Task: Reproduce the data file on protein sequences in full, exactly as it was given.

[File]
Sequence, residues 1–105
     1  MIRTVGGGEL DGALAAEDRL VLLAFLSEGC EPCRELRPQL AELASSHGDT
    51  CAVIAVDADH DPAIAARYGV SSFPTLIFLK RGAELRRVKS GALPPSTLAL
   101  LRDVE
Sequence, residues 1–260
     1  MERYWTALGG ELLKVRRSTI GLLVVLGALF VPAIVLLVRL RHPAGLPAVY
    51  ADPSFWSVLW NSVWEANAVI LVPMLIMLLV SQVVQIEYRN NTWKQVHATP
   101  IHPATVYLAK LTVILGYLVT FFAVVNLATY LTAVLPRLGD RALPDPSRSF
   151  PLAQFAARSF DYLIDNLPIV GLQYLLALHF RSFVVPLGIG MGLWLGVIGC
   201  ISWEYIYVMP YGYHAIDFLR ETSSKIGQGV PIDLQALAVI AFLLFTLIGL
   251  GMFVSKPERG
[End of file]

Sequence, residues 1–105
     1  MIRTVGGGEL DGALAAEDRL VLLAFLSEGC EPCRELRPQL AELASSHGDT
    51  CAVIAVDADH DPAIAARYGV SSFPTLIFLK RGAELRRVKS GALPPSTLAL
   101  LRDVE
Sequence, residues 1–260
     1  MERYWTALGG ELLKVRRSTI GLLVVLGALF VPAIVLLVRL RHPAGLPAVY
    51  ADPSFWSVLW NSVWEANAVI LVPMLIMLLV SQVVQIEYRN NTWKQVHATP
   101  IHPATVYLAK LTVILGYLVT FFAVVNLATY LTAVLPRLGD RALPDPSRSF
   151  PLAQFAARSF DYLIDNLPIV GLQYLLALHF RSFVVPLGIG MGLWLGVIGC
   201  ISWEYIYVMP YGYHAIDFLR ETSSKIGQGV PIDLQALAVI AFLLFTLIGL
   251  GMFVSKPERG